Where did Your Local History come from?


As a child, I was fascinated by the history of my family. How did I end up in a small village in Suffolk with farmers on one side and grain merchants on the other? Had all of my ancestors worked the land? Was my surname really so rare that people should have trouble spelling a five letter word?

What began as an interest turned into a passion for social history and a desire to learn as much as I could about the generations that came before me. I have been researching my own family tree since my early teens and in the process discovered landed gentlemen and their local gentry wives, domestic servants, silk weavers, agricultural labourers - even a palaeontologist and a ginger beer maker!

Before long I began helping friends and family with their own lines of enquiry and discovered that researching other peoples' history is no less exciting than my own. Having spent several years working with schools and running projects and events, I am using this experience to encourage other people to learn all about genealogy, their local communities and interesting local people and ancestors.

Having grown up in Suffolk and then worked and studied in Norfolk for the last decade I have a significant amount of local knowledge, broadened by the fact that many of my ancestors were resident in East Anglia. The local area has naturally become a specialism but I by no means limit my research to this area.

Qualifications-wise, I am studying with the University of Strathclyde in order to achieve my MSc in Genealogical, Palaeographic and Heraldic Studies (completed Diploma last year and now working on my final dissertation). I am registered with the ICO and am proud to hold real genealogical qualifications from a university running a unique genealogy course. I originally achieved a BSc (hons) in Environmental Science and post graduate qualifications in Development Management. Several years working in planning and education has served only to increase my interest in how areas have developed and what we can learn from them for the future. The key to how places developed is how people themselves developed their surroundings - how they lived, worked and loved. I have worked full time in an archive for more than three years and write and research in my free time.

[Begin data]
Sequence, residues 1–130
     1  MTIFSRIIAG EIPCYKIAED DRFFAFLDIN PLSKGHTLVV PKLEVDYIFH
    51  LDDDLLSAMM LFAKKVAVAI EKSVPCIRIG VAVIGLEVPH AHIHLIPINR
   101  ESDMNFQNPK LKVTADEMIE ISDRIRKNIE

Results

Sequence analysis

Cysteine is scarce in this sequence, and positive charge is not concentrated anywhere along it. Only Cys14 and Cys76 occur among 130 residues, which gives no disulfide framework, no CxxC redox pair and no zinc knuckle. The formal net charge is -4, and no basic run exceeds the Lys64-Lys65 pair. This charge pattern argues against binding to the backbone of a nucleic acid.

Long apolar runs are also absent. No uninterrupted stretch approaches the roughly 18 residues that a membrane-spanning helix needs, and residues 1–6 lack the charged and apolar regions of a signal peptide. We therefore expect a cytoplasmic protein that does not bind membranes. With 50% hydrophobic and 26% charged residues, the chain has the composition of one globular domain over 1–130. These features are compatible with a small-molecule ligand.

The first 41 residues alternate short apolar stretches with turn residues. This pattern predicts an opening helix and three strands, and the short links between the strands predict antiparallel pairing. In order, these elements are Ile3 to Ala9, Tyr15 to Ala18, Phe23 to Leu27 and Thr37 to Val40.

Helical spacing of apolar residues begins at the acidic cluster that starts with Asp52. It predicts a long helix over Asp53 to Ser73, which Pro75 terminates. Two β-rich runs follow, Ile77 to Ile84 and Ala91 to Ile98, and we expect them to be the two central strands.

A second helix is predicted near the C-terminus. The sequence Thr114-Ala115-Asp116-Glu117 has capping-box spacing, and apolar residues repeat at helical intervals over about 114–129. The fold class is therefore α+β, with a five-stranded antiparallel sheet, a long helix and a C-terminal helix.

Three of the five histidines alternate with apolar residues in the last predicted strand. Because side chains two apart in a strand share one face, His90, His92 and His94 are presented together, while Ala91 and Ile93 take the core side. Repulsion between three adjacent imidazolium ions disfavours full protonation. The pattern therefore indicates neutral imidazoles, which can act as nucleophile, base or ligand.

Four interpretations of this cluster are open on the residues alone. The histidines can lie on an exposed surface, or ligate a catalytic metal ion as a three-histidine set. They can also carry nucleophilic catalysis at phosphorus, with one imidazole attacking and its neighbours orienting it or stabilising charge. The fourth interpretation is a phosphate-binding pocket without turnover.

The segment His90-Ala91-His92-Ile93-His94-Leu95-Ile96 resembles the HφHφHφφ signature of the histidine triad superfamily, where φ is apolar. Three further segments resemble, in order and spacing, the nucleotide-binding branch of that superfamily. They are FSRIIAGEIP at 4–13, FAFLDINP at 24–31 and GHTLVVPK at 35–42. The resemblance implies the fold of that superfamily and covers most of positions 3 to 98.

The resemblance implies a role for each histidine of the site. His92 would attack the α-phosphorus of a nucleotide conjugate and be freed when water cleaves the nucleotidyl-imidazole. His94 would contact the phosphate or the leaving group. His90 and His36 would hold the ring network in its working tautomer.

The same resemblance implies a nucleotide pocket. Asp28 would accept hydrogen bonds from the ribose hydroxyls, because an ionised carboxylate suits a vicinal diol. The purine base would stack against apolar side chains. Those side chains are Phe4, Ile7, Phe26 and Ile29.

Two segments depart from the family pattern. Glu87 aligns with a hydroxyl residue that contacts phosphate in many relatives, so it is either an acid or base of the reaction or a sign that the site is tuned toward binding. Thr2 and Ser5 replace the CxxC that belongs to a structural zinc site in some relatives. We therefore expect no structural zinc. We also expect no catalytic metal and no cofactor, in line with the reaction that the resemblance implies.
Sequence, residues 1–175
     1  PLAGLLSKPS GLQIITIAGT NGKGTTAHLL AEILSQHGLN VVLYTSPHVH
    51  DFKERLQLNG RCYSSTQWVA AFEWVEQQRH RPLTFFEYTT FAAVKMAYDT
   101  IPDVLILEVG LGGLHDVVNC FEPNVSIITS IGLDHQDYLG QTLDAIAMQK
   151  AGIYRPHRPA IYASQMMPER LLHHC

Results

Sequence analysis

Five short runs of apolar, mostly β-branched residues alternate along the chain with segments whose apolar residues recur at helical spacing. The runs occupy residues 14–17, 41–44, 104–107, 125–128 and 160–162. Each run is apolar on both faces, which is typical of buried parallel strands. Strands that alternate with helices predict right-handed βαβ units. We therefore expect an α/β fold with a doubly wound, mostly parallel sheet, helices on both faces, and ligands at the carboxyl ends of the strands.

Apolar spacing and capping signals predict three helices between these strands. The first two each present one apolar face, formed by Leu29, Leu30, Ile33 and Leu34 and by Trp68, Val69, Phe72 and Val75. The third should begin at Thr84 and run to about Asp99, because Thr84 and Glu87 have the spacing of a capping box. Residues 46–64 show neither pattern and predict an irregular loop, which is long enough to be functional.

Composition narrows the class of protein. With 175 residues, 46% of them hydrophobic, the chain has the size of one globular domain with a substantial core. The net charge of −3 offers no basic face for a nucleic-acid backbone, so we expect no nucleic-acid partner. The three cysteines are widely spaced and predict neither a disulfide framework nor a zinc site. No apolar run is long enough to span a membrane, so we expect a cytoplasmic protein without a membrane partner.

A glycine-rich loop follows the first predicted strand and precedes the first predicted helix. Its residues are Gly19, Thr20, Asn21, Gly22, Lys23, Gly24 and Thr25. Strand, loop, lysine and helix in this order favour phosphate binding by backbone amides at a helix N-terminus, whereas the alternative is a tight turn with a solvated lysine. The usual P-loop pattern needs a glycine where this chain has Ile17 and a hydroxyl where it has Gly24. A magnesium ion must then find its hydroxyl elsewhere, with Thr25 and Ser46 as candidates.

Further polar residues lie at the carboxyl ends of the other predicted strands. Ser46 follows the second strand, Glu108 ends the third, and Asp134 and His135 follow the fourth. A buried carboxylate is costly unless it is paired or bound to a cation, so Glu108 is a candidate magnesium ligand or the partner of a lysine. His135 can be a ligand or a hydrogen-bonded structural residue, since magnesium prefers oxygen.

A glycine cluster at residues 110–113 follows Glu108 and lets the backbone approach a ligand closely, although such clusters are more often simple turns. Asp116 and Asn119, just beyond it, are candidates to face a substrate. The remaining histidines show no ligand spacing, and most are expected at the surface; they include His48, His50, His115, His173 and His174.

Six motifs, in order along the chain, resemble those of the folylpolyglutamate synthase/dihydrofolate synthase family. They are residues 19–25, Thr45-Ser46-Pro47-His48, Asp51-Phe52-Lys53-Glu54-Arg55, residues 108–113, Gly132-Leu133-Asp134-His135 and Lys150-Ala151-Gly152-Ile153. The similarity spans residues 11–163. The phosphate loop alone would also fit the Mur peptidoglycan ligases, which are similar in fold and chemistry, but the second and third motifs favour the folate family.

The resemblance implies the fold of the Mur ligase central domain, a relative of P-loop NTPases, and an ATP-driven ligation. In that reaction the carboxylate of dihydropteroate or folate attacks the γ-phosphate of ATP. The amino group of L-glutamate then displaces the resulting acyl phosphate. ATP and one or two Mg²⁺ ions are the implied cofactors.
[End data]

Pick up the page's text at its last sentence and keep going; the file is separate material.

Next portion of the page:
I started Your Local History because I adore finding out more about the people and places that provide our roots. If I can help you research for yourself, point you in the right direction, alert you to an interesting story, then I hope I can inspire you to discover more about your past. This could be the start of a lifelong addiction...

I love the fact that with historical research, you never stop learning and making new discoveries. Hopefully this website will help you see what I mean!

What makes me different to other researchers? 

It's a cliche, but the genealogist has a somewhat stuffy image. I am determined to change that!

My name is Elizabeth Walne, I am 28, and I am also a genealogist - in time I hope to have resources for kids and young people on this website along with my blog, useful links etc. I am also a keen photographer and I love going on what my husband calls my "adventures"; finding out more about Norfolk and Suffolk and the wider history of this place we call home.